Let’s look at a different model. Instead of 20 large projects, you start with 200 smaller projects. Again, you know that most of these will fail – but you don’t yet know which ones. You initially invest a small amount ($10M or $50K per project) to test the ideas as low-risk, low-cost experiments.
Based on this experience, you decide that 40% (80) of the ideas still show some promise. But you are not yet ready to bet the house. This time you allocate an additional $20M ($250K each) to do further testing. You now eliminate 70% of the projects, keeping 24 alive. You now invest another $20M (nearly $1M per project). Of these 24, you decide that 5 are real winners.
At this point you have only spent half of your money and yet you were able to eliminate 195 ideas. That’s incredibly valuable information learned by doing rather than by analyzing. You now invest the remaining $50M on those 5 ($10M each).
With innovation model #1 you must “guess” which ideas will be successful up front. A major high-tech company recently announced it is moving to this model by consolidating 150 ventures into only 20 big bets. This feels like a bad idea. What if the 20 they choose all turn out to be duds? What if the real winners are in the 130 they eliminated?
With innovation model #2, you make lots of small bets to eliminate the bad investments. Then, as you see the odds of success improving, you increase your investments.
This is what blackjack card counters do. At the beginning of a deck, they place small bets. Then, as “real time” information is gathered, they can determine when the odds have shifted in their favor. That is when they increase their wager. The big bets are only placed when there is a high certainty of success.
Of course the real world is a lot more complex than these simple models suggest. The ultimate solution is a combination of big-bets and experimentation; a mix of data analysis and learning as you go.
For the learn-as-you-go model to work, you must take into consideration your organization’s culture:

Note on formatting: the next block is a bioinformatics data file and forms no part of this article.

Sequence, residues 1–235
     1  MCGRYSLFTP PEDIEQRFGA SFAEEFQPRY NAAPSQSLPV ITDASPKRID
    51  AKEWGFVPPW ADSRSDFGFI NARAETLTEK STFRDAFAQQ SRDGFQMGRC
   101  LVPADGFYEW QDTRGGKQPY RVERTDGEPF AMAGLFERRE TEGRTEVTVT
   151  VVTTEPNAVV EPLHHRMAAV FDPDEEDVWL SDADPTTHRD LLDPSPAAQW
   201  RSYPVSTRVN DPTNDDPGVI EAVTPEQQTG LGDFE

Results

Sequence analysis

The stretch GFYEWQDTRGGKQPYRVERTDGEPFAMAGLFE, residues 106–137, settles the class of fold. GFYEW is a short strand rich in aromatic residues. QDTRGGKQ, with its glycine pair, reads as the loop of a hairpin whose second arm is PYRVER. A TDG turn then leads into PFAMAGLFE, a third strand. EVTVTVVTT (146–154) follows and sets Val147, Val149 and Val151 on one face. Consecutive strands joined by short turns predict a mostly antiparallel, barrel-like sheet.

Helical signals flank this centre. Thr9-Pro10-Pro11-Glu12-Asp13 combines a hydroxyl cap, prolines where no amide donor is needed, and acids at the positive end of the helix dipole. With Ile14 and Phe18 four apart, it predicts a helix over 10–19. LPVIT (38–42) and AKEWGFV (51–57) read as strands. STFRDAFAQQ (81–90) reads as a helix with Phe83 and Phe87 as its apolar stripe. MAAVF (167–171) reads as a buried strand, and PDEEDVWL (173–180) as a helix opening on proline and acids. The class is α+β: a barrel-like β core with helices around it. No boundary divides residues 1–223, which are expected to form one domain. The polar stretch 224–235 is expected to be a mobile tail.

But does this approach work in business? Can an experimentation mentality shift the innovation advantage to your organization? Absolutely. If you read Charles Koch’s The Science of Success, you will discover that this experimentation mindset has been fundamental to the success of Koch Industries, the largest privately held company in the world with $90B in revenues and a growth rate seven times faster than the S&P 500 for the past 40 years.
The Koch model is based on a free market philosophy. Realizing that central control is “fatal conceit” for his company, Charles eliminated the old command-and-control style and instead asked employees to run their businesses as if they owned them. Koch Industries is now a network of employee-entrepreneurs who have decision-making powers. When someone is brought in to do a job, they are immediately given the authority to spend money and to move people when and where they choose. The result could be described as Darwinian. All good ideas get seed money, while only the best survive. The less successful ideas are changed, cannibalized, or jettisoned altogether. This approach helped the company grow 200-fold over three decades, and helped it expand into new business areas previously not considered.
These learn-as-you-go approaches are powerful. They provide insights unattainable through traditional market research, they increase agility and adaptability, and they can give your organization an innovation advantage.
And that you can take to the bank.
By Stephen Shapiro
During his 15-year tenure with the international consulting firm Accenture, Stephen Shapiro established and led a 20,000 person innovation practice. In 2001 he left Accenture to write his first book, 24/7 Innovation, which has been featured in Newsweek, Investor’s Business Daily, Entrepreneur Magazine, and the New York Times. He is also the author of Goal-Free Living and The Little Book of BIG Innovation Ideas. For more information go to 24-7Innovation.com.